My head is empty but here are some things i’ve read in the last few days:
1. From Douglas Robertson’s translation of Thomas Bernhard’s Die Berühmten (The Celebrities):
At Sils Maria mankind would have been forced to listen
The whole thing in front of Hitler, by God.
2. ‘I once asked a very talented seducer named Connolly,’ he said in his best didactic manner while lounging in one of the Fremont’s battered, once maroon leather chairs, a cigar in his hand, ‘how he did it. He told me, “When you can put a stiff penis in her hand and weep profusely the while, you’re getting hear any woman’s heart. But don’t forget the tears.” I’ve never yet managed the tears.’ (Bryan Appleyard, Bedford Park)
Surprisingly good book. i wrote a short review here.
3. If I missed the boat at university – they started to want to give jobs to people who knew about Structuralism and Semiotics, things I thought were simply frightful balls; and my simple pleasure in language, paint and performance for their own sakes was considered quaint and old-fashioned, a throwback to the days of David Cecil and John Bayley – then I next made the mistake, on returning from Normandy, of never living in London. If I was hiding away in the provinces, it was because I needed a big house for my money, which you’d think wouldn’t be a controversial decision, or one worth penalising. With three children I was requiring the Gentleman’s Residence in Herefordshire, not a bijou former artisan’s cottage in Ealing or Wandsworth. But this has meant that I have never been part of the London literary clique. I am not an operator. I am part of no network. Sad mother Julie Myerson asked me only the other day, “Is writing what you do full-time? Sorry, I probably ought to know this.” Arseholes to you, then.
Unlike Julie (b. 1960 in Nottingham, which must be as bad as Wales, but she now lives in Fulham) I have never been on Newsnight Review, or been asked to judge literary awards, or go to all the parties as a matter of course. When Mark Lawson had me on his radio show once, the expression on his blubbery face said, who the fuck is this? I met Rosie Boycott up the River Amazon – it was like she was being courteous and doing her best with a half-witted lowly heathen. Clive James said recently, “the literary world in London is quite small and everyone knows everyone.”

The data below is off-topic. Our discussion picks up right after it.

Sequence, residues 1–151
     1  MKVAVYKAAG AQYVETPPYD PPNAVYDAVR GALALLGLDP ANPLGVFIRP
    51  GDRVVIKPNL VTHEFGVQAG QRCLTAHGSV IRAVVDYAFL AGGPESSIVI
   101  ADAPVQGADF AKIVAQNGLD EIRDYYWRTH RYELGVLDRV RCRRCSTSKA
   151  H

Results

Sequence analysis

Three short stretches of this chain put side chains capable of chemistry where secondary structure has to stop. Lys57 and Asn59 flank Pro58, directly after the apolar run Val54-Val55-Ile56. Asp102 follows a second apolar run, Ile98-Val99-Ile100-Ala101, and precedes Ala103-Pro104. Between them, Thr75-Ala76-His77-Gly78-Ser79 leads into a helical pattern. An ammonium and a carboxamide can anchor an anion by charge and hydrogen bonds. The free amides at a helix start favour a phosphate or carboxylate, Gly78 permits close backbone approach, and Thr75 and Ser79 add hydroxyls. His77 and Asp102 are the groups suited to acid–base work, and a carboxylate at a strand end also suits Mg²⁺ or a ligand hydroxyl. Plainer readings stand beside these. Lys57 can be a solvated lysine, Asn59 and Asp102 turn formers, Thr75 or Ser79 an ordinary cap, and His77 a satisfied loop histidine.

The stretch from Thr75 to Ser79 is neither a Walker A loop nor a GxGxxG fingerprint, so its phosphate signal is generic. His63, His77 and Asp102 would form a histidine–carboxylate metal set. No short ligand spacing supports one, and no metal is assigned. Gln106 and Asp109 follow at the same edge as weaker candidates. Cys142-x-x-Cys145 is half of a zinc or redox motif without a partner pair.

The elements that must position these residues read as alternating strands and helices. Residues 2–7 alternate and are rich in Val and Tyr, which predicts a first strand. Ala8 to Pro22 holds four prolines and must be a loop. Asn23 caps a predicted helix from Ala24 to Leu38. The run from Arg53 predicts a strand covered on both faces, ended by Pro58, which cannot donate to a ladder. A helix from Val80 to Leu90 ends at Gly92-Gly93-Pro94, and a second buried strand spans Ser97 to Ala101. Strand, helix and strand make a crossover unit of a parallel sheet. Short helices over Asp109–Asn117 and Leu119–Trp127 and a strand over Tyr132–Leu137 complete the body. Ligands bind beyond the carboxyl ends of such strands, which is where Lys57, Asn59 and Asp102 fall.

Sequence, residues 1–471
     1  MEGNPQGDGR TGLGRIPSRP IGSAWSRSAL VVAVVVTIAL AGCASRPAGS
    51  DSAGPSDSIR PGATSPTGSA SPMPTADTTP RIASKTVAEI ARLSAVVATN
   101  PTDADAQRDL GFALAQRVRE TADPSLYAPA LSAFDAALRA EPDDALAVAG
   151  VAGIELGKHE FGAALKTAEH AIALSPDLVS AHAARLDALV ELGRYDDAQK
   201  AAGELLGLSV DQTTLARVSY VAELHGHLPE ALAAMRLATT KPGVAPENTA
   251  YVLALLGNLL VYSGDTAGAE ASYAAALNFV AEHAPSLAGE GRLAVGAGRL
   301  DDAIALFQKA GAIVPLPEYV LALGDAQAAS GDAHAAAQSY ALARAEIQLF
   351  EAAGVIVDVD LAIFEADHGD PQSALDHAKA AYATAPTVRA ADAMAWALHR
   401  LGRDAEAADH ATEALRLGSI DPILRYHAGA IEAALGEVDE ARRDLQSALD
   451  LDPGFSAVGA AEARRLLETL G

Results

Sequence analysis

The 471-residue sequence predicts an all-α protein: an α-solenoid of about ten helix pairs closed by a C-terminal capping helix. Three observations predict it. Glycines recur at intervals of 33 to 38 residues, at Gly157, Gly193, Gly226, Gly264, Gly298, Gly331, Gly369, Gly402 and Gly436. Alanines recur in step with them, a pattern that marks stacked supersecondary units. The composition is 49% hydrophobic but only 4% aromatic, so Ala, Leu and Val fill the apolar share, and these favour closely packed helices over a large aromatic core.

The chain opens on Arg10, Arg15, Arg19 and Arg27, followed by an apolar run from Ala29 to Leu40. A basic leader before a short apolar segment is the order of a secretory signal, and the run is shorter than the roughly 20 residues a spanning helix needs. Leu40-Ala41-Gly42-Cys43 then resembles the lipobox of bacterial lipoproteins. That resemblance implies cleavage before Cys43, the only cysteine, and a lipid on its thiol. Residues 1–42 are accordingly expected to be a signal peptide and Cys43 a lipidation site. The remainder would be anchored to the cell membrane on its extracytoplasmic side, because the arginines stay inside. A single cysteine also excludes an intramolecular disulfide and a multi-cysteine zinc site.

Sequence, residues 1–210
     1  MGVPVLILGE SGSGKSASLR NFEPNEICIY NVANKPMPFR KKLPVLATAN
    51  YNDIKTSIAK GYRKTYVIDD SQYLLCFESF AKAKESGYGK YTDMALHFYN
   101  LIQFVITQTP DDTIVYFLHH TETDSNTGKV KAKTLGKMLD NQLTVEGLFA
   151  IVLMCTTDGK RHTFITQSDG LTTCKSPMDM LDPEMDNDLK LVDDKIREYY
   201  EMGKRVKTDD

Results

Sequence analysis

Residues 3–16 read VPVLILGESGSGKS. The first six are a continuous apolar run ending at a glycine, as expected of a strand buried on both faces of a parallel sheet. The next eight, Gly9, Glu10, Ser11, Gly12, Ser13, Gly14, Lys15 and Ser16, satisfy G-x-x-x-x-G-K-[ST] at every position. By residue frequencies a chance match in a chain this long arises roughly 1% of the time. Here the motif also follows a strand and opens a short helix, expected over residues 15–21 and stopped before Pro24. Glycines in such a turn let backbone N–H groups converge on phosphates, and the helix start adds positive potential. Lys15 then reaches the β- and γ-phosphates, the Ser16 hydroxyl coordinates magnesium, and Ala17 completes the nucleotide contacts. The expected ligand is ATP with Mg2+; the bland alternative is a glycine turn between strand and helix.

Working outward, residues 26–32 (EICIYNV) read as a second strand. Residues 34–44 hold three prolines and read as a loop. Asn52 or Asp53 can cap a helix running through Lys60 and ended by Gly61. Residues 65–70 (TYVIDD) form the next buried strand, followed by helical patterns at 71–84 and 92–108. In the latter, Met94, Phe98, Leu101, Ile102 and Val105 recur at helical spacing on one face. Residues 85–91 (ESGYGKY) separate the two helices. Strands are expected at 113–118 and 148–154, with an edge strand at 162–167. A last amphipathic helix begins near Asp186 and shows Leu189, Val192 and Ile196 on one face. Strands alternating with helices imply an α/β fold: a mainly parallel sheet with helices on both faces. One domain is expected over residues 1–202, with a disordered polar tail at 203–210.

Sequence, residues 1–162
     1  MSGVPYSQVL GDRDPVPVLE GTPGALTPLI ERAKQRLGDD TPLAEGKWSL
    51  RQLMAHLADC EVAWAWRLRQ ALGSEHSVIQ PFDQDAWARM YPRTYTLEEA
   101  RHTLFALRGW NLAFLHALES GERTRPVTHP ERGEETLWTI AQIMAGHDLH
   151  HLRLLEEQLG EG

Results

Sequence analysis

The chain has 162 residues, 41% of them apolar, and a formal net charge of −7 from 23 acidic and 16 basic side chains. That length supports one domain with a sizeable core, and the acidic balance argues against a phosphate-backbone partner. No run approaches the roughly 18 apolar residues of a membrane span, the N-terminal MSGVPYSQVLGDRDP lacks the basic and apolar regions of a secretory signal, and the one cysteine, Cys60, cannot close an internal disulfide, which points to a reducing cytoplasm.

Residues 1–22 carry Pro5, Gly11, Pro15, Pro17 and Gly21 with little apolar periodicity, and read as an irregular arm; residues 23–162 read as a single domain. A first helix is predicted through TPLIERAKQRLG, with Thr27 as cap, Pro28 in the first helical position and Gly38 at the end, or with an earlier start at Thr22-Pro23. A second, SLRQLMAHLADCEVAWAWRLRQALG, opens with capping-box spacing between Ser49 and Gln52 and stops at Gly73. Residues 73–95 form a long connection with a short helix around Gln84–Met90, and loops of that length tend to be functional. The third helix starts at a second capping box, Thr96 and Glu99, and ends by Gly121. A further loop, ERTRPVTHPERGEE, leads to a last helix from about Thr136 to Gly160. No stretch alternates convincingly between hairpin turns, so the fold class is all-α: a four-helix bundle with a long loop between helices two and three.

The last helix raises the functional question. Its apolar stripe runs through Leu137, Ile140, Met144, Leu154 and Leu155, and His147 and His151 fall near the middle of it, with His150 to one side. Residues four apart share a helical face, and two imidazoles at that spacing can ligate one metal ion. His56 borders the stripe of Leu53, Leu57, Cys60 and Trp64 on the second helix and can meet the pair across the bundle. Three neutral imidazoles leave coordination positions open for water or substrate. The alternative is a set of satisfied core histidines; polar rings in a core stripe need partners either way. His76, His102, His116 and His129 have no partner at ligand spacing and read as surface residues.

(Roger Lewis, Seasonal Suicide Notes)
Lewis is a would-be literary celebrity but constantly complains of being paid in pennies & overlooked & slighted etc. Given he publishes articles everywhere, and presumably lives off this, i’m not very sympathetic – since i haven’t been paid for anything i’ve written, and my work has been rejected from every real publication over the last 12 years. On the other hand, i probably get paid more per hour as an English teacher and i don’t have three children to support; and i was clear-sighted enough to take Peter Hitchens’ advice and emigrate from a country gone to the dogs; and also, i no longer really write anything.
Lewis is a very English type – catty, atheist, self-deprecating, fat, trivial, amusing. i had more or less the same experience, of being too interested in literature to get a career in academia; then i just didn’t want to go to London as i had no money – because i didn’t have a job – and also i hated the feel of London, the grimy, loud, gangsta, self-consciously World City, violent, sordid, debased, ridiculously expensive, avaricious, grubbing, go-getting, brassy, crotch-grabbing, shit-smeared bestial pestilential atmosphere; i despised most of the people i met there, and felt increasingly Northern with every minute i spent being crudely patronised by these black polo-neck-wearing apple polishers. And if you don’t live there, no one will take you seriously: you can’t get a job and you can’t publish anything. And the more i experienced this “oh, you live in…Huddersfield?” contempt, the less i wanted to move to this self-satisfied belly-patting Alasdair Campbell lepers’ cesspit. Anything south of Barnsley should be nuked.